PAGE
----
I took Johnny out to dinner in Madison and broke it to him that we would be going into town the next day for new and further treatment.  This was a grievous shock.  It was the first time that I saw him seriously upset.  He struggled to keep from tears.  He flung himself away from me and crept upstairs.  Mostly this was because he was midway through preparations for another serious experiment. But by the next morning he was buoyant again-so much so that I dreaded more than I can tell what would have to be the next bad news broken to him, that he could not go back to school.”

 As a person who likes to complete projects that are started, I empathize with Johnny’s frustration when told that he must but his project on hold.  Once a project is in progress, especially a chemistry project which may have to be re-started completely, it is difficult to stop, especially when the reason for stopping is to go and be pricked, prodded, and possibly going through extensive surgeries.  Yet, once again, Johnny wakes up the next morning and chooses to have a positive attitude and to put the feelings of others before his.  I have to wonder if his compliance was due to the hope that he lived longer for his parents’ sake.  Not that Johnny was not resilient and wanted to give up, but he was such a compliant patient and son and rarely showed his resentment to all of the treatments in which he had partaken.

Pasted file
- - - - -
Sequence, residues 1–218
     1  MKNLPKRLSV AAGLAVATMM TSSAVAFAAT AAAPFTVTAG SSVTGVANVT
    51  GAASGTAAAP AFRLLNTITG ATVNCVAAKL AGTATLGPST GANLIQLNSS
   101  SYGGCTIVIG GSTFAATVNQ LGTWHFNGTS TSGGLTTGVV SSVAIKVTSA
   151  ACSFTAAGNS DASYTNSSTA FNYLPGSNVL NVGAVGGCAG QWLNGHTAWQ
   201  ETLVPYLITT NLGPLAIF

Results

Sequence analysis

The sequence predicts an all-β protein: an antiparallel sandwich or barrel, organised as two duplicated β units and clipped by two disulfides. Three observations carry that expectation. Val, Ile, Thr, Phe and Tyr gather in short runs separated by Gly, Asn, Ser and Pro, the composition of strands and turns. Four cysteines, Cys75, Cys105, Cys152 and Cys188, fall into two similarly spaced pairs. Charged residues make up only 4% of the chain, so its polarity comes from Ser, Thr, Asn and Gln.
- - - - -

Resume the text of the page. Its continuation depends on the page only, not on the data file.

Johnny had a desire to live and to make others happy.  Just because he was suffering and dying, he chose to make the most of every day that he had instead of giving up and sulking about his situation.  Although, in the end, the cancer ended up victorious over Johnny’s body, Johnny’s attitude was victorious over the cancer. John Gunther says his son “maintained the boldest kind of front,” “he hated to be helped,” and “he died like a man with perfect dignity.”

Lee Goatley

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About Lee

I am a collegian who is in the process of deciding whether or not to pursue a career in the medical field. Because of the enormity of this pending decision I am going to utilize this blog as a medium for reflection and rationalization. I will combine two of my passions, literature and science into a blog. The content of this blog will be stimulated by medical literature that has been written throughout the ages.
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One Response to Johnny Gunther

  1. Maureen Tuthill says:

    Maybe the difference in your second reading is just a matter of being a little bit older and knowing more about illness experiences. Johnny does seem so much more mature than a typical teenager– I wonder if that is a result of the cultural era or if he really was unique. Perhaps a little bit of both. When reading this memoir, you really feel his resilience, or as his father says, his ability to stay “buoyant.” Eric Cassel says resilience is what keeps us from suffering because we can redirect our inner force to a positive goal. Johnny had many positive goals–his studies, his parents’ happiness, his reading, his experiments–so he always had something to help him bounce back from disappointment. Smart boy.